● On Libya, Romney supported the NATO intervention but criticized Obama for its handling. In his VFW speech, he said the U.S. involvement “was marked by inadequate clarity of purpose before we began the mission, mission muddle during the operation, and ongoing confusion as to our role in the future.”
● On Syria, he has been generally quiet but has grown more hawkish as time passes. Like most U.S. politicians, he called for isolating and eventually removing the Assad regime, and he advocated aggressive sanctions through the UN Security Council. Last week, he went one step further, issuing a statement saying “we should work with partners to arm the opposition so they can defend themselves.”
During the primary campaign, the U.S.-Israeli relationship was probably the single issue on which the Republican challengers were most united in their criticism of President Obama. Romney repeatedly excoriated Obama for “[throwing] Israel under the bus.” He particularly blasted Obama’s effort to persuade Israel to cease construction of new West Bank settlements. He also echoed Benjamin Netanyahu in labeling any Israeli-Palestinian peace agreement based on the 1967 borders “indefensible.”
Romney repeatedly has stressed that he would follow Israel’s lead. In a speech to the AIPAC Policy Conference, he said of himself and Netanyahu: “In a Romney administration, there will be no gap between our nations or between our leaders.” In an interview with an Israeli newspaper, he elaborated by saying, “I believe that the role of an ally is to stand behind your friends and let them speak for themselves.” He added: “The actions that I will take will be actions recommended and supported by Israeli leaders.”
One of Romney’s favorite campaign lines has been: “We must not allow Iran to have a nuclear weapon. . . . If I am president, that will not happen. If we reelect Barack Obama, it will happen.” Yet despite Romney’s relentless criticism of Obama on this issue, it isn’t clear what he would do differently. In a Washington Post op-ed in March, he said he would “press for ever-tightening sanctions, acting with other countries if we can but alone if we must.” Romney also contends that the key to solving the issue is conveying to Iran “that a military option to deal with their nuclear program remains on the table.” This is to be accomplished through both increased military aid to Israel and through “restoring the regular presence of aircraft carrier groups in the Eastern Mediterranean and the Persian Gulf region.” He also attacked Obama for failing to support the Iranian Green Movement in 2009.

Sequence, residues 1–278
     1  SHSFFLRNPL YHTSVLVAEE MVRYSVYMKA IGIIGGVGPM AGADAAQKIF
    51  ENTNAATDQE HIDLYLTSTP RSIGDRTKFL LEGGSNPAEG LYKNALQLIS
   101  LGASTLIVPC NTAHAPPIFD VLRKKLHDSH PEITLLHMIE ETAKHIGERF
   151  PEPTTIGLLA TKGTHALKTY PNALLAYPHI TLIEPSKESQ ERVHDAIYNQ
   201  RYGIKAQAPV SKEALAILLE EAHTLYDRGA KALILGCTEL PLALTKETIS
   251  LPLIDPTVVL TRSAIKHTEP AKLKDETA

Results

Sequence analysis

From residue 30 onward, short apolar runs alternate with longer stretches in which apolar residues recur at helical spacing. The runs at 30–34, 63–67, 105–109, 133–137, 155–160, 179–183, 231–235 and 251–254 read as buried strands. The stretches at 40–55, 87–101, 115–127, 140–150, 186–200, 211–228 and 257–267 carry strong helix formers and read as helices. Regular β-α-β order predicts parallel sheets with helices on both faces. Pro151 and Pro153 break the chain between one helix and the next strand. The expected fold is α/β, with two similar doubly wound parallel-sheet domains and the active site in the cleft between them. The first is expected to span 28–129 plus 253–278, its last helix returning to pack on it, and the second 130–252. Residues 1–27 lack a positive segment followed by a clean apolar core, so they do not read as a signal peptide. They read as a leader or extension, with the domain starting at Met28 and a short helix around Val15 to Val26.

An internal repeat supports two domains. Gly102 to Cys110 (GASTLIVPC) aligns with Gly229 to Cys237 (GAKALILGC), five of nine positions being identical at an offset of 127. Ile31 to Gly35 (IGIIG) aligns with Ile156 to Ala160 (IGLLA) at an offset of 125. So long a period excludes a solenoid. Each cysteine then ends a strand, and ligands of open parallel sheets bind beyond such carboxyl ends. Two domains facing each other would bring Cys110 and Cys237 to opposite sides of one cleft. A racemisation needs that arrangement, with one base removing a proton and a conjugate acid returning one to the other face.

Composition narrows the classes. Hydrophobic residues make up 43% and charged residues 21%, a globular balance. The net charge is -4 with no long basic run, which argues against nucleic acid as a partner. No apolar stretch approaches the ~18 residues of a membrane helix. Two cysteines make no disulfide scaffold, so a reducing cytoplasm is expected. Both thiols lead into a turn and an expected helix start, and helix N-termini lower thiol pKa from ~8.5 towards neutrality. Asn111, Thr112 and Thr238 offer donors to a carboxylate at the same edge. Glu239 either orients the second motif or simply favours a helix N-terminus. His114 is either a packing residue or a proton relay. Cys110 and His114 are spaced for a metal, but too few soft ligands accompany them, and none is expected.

Even before Romney’s recent remarks that Russia is America’s “number one geopolitical foe,” he was well known for taking strident rhetorical positions against Moscow. During the summer of 2010, he was one of the first conservatives to take the lead in vocally opposing the New START agreement on nuclear reductions, a position he has maintained ever since. He likewise blasted the Obama administration for abandoning the Bush-era plans for missile-defense sites in Poland and the Czech Republic in favor of the Phased Adaptive Approach. Romney repeatedly characterizes these and other gestures as unilateral “concessions” for which the United States got nothing from Russia in return. He has called Obama’s broader “reset” policy a failure. As he wrote in Foreign Policy online, “For three years, the sum total of President Obama's policy toward Russia has been: ‘We give, Russia gets.’”
Romney also criticizes Russia’s human-rights record. He writes on his website, “A Romney administration will be forthright in confronting the Russian government over its authoritarian practices. Mitt Romney will support measures to increase the flow of information into Russia that highlights the virtues of free elections, free speech, economic opportunity, and a government free of corruption.”